“One for the golden sun, two for the night and day, three for me, for here I find strong limbs, warm heart and a clear true mind. Four for the seasons slowly turning, five for the stars so brightly burning, six for the honeycomb and for the bees who bring their sweet honey to me…” so went one of our favourite songs from Class One last year. This song formed part of our daily Morning Circle during our Quality of Numbers main lesson block. In this block, we explored qualities of each number from 1-12, experiencing and discussing how they differ. We sought to find the uniqueness of one, the duality of two, the ‘coming together’ aspect of three. This work was carried out orally and in writing and picture-making, and the children brought in objects from home or found in nature to
support their understanding. We inspected crystals and verified that each one does have six sides!
We noted the same in honeycomb and in wasp’s nests. We noticed the reliable rhythm of day becoming night and night becoming day again. These mathematical laws in nature are pure magic for the six-year-old-becoming -seven, as the child of this age still lives in a very magical realm where fact and fantasy are inextricably woven together.
We spent a lot of the year getting to know each other, learning to line up and how to raise our hands when we want to contribute, learning how to share, keep our workspace and classroom tidy, and play kindly with each other. We also, of course, learned about literacy. In Class One, we learned all 26 letters—consonants first and vowels after, through imaginative pictures. These pictures were brought through Grimm’s fairy tales, drawn and correlated with their phonetic sounds. We found the ‘W’ hidden in waveforms, the ‘N’ formed by the net and the ‘F’ of the talking fish in the story ‘The Fisherman and His Wife.’ The big brown bear of the story ‘Bearskin’ showed the children how to form a capital ‘B’ and the napping cat formed a gracefully curving ‘C’ in the story ‘Cat and Mouse in Partnership.’ This approach to bringing letters through the children’s feeling life is one of the cornerstones of Class One literacy in Steiner schools.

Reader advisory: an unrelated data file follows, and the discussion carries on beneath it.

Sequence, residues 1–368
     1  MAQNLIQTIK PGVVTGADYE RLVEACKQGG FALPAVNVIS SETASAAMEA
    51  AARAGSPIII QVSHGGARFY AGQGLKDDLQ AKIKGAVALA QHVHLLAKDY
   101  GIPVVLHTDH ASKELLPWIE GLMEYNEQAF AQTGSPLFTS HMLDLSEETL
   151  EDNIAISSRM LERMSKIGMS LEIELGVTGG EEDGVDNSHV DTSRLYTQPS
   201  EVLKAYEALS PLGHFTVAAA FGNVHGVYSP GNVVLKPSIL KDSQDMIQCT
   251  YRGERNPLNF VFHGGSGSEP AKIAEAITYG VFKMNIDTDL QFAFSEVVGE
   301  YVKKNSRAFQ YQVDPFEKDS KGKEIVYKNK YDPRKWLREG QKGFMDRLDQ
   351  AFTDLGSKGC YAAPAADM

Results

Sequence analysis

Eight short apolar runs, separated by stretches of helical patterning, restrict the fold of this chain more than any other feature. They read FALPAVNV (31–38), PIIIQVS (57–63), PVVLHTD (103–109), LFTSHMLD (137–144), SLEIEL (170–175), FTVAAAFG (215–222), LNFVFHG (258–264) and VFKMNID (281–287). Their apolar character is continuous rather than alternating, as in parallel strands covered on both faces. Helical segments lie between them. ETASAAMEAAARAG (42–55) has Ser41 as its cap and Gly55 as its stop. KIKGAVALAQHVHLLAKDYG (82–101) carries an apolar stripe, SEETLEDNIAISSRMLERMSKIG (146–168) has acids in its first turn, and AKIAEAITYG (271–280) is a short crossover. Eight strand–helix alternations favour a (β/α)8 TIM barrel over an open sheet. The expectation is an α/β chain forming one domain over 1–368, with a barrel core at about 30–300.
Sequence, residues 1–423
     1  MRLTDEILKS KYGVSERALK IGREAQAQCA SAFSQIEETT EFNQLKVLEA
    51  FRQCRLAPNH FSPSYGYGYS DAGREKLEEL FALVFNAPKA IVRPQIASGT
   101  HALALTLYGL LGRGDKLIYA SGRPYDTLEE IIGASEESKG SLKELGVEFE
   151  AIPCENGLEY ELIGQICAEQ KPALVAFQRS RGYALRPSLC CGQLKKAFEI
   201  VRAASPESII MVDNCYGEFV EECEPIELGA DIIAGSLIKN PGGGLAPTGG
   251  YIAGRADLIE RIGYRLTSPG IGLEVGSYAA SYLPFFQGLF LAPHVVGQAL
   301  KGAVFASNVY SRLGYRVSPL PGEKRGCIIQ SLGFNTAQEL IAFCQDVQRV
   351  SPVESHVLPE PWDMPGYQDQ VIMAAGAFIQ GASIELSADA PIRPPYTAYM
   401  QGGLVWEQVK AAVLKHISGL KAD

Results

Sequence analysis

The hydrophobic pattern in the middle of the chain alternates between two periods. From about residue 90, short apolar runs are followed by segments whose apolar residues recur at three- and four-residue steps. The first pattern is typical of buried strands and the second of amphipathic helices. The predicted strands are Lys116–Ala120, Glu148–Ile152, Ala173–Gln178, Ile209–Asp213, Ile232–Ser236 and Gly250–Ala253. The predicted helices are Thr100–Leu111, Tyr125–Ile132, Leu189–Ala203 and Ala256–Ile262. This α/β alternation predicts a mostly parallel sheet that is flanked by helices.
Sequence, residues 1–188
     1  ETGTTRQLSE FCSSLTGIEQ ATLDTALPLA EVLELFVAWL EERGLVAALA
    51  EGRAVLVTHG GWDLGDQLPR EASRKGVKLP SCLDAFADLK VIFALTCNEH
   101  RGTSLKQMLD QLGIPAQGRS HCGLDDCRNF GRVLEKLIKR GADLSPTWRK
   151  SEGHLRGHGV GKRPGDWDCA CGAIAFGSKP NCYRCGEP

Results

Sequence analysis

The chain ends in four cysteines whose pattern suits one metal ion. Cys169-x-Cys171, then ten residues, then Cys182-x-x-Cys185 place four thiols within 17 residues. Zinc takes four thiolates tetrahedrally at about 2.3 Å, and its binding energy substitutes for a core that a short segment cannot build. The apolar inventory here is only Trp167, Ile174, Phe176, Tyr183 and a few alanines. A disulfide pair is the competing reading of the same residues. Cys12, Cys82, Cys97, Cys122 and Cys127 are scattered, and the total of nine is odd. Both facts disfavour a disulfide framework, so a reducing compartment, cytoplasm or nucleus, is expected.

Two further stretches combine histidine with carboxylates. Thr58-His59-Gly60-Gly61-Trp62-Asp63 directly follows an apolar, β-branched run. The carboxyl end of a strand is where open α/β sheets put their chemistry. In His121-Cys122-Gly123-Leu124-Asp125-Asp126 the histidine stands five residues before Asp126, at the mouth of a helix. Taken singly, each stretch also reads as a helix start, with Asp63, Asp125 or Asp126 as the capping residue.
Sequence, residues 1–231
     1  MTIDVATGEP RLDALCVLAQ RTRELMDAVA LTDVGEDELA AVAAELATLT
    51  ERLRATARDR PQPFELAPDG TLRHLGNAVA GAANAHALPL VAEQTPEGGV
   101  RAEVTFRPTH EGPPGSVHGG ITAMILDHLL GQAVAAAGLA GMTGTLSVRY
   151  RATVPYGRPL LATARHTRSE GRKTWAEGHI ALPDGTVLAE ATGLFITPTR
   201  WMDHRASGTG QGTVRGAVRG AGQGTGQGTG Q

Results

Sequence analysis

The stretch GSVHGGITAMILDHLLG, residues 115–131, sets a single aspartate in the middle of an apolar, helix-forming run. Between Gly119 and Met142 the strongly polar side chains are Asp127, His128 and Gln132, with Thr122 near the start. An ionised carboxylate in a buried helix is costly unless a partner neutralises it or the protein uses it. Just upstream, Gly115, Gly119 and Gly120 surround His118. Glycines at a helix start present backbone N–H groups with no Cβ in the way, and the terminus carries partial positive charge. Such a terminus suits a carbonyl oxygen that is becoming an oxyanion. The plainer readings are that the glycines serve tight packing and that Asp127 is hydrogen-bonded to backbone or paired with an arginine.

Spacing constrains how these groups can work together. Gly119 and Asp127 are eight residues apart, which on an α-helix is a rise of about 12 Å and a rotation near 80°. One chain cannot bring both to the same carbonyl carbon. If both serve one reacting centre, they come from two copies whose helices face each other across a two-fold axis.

We did quite a lot of Form Drawing in Class One, using our eyes, elbows, belly buttons, toes, feet and whole bodies to create the forms before committing them to paper. We drew them in sand and on chalkboards. We explored the straight line and curve and (before learning the letters or numbers) discovered that every form in the world is made up of straight lines and/or curved lines.
After that initial Form Drawing main lesson block, we continued to have weekly Form Drawing practise lessons and continued exploring through the year.
We made soup in the colder months, built cubbies indoors on rainy days, put on a class play to support our Four Processes main lesson work and began to learn to play recorder. We sang and danced together, learned to knit, practiced Eurythmy, and hosted a French Café for class parents.
We visited the Collingwood Children’s Farm and took a weekend day trip to the Tesselaar Tulip Festival in Silvan in the Spring.
Closer to home, we also went for many walks around the Convent, both during Home Surroundings main lesson blocks and weekly on Friday afternoons. We noticed signs of the changing seasons—flowers budding, blooming and dying; spiders and mushrooms popping up; growing herbs and even fruiting artichokes in the Convent gardens. We rolled in the grass and built cubbies and fairy houses in the gardens too. Class One was a varied and interesting year—full of learning, love and magic found in simple things.
By Jill Casavecchia (Class 1 2014)